Welcome back to another edition of Musically Fresh Legacy, where choice cuts from EN’s parent site are revitalised and republished on Ear Nutrition to pay homage our roots and the music that was featured.
Musically Fresh Legacy #2 – Originally Published on Musically Fresh: 23/01/18.
United Defiance are a band we have seen before. They are band that have seen multiple changes in regard to their line-up and existing releases, with the latter chopped and changed to a point where one disappeared entirely. But why? Well the band have sampled their collected history, taken what they needed and left the rest with the final change being their latest incarnation as a five-piece. In short, United Defiance have been on a mission to find their comfort.
The band have always been raw and discordant, they aren’t one for too much polish and indeed capture the raw nature of early Skate Punk and Melodic Hardcore well but in this latest album manage to retain this despite notably better production and clarity with the addition of a new bass-player, a repositioned guitar and more defined vocal duties making a substantial difference.
If Gorilla Biscuits were from the West Coast then ‘End Of Days’ would well-be their influential sound. ‘Along The Way’ is a re-hash of an older track and if you’ve heard the more dated version you will instantly see the superiority of this refined cut.
If you were to epitomise light-hearted California Punk-Rock (albeit with a slight Rock n’ Roll twang) then ‘Homeward Bound’ would be it. The track carries welcome tones of vintage Guttermouth and will likely if not already be a live-set essential. The band’s guitar work here and harmonic vocals almost echo vintage Bad Religion and that isn’t something to complain about.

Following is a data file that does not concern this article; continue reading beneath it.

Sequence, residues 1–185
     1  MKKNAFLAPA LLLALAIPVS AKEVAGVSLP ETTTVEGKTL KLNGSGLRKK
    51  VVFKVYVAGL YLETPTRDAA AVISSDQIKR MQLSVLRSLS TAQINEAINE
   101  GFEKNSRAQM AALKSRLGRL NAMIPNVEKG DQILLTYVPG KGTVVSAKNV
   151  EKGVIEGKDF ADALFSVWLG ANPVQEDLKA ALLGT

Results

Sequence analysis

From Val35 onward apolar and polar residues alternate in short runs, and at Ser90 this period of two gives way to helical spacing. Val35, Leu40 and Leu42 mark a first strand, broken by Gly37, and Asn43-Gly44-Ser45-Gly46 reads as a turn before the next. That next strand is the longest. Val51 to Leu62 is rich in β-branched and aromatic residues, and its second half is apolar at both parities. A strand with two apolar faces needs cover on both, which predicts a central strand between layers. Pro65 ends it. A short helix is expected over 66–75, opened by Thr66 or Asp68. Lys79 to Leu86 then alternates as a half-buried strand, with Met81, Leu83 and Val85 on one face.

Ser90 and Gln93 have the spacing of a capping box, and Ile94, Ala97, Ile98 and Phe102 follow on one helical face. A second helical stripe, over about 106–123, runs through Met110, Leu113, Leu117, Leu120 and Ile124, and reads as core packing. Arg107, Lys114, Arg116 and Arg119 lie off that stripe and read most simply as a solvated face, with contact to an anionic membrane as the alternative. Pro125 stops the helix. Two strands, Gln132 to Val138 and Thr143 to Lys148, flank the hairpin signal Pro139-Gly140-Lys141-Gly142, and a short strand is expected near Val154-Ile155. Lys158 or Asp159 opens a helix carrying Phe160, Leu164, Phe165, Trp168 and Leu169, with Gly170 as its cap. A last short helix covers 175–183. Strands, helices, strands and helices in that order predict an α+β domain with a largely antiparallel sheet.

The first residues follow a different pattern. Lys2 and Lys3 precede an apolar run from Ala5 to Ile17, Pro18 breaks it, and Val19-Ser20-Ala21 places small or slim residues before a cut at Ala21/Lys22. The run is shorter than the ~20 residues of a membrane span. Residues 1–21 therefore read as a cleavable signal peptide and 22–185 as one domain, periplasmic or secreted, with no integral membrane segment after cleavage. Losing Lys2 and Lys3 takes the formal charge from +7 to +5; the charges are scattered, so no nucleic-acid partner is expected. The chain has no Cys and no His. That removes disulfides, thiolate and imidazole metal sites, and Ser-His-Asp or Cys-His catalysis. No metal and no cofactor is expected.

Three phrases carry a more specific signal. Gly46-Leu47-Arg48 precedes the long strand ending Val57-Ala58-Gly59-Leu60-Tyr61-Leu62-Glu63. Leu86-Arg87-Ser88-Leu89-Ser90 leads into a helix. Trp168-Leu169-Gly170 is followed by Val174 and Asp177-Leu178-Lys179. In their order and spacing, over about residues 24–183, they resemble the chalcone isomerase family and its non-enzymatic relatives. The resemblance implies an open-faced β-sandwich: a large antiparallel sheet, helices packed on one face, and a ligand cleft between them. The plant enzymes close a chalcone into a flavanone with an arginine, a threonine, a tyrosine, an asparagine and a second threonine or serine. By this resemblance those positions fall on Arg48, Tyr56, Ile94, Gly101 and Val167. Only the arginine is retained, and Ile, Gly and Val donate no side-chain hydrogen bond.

Speaking of Bad Religion, ‘Lost At Sea’ with its further vocal harmonies and lumbering slow rhythms leans close to the legacy of the band once more. ‘Lost At Sea’ is United Defiance at their most down tempo at this stage and despite sitting a little precariously in contrast, makes for a solid track. ‘Lessons Lost’ however channels anthemic Skate Punk meets old-school Hardcore in classic Cali-Punk and UD fashion.
‘Yet To Come’ is in true testament to how this new formula is working for United Defiance and one of their best tracks to date. The inclusion of a more dedicated axe-man has given the band more depth and greater skill allowing vocalist Clinton Smith to focus wholly on his vocal output and its exponential improvement.
Further anthemic and melodic guitars drive into the fast Melodic Hardcore of ‘Faded Dreams’ with the following and updated ‘Telling Myself’ now sounding bigger than ever. ‘Dancing With Clowns’ makes use of welcome albeit slight dual vocals as soaring melodic guitar-lines provide reprieve from thick riffage cathartically laid-down in the verses as United Defiance follow their Hardcore influences further.
‘Bridges’ employs perhaps the best and most charged intro the band have provided yet before another older and classic UD track is given the benefit of experience in ‘Road Less Travelled’. Vocally the band have improved across with the board with the strained vocals now sounding more intentional and bolstered by solid backing.
Seeing a band grow and overcome any adversity is really quite something. Having given critique on the band’s previous work and having seen such a gap between releases, Safe At Home makes all the more sense and its final two tracks do not disappoint.
‘Time Again’ is another old one given new light and a few protein shakes and the closing ‘Happy Forever After’ sees the band in an entirely new light with notes of Alkaline Trio, Pulley and No Use For A Name present in an emotional and heartfelt track acoustically led up until its melodic yet explosive ending outburst in the cover of this (The) Atomic Machines number.
United Defiance have found their home and are safe within it.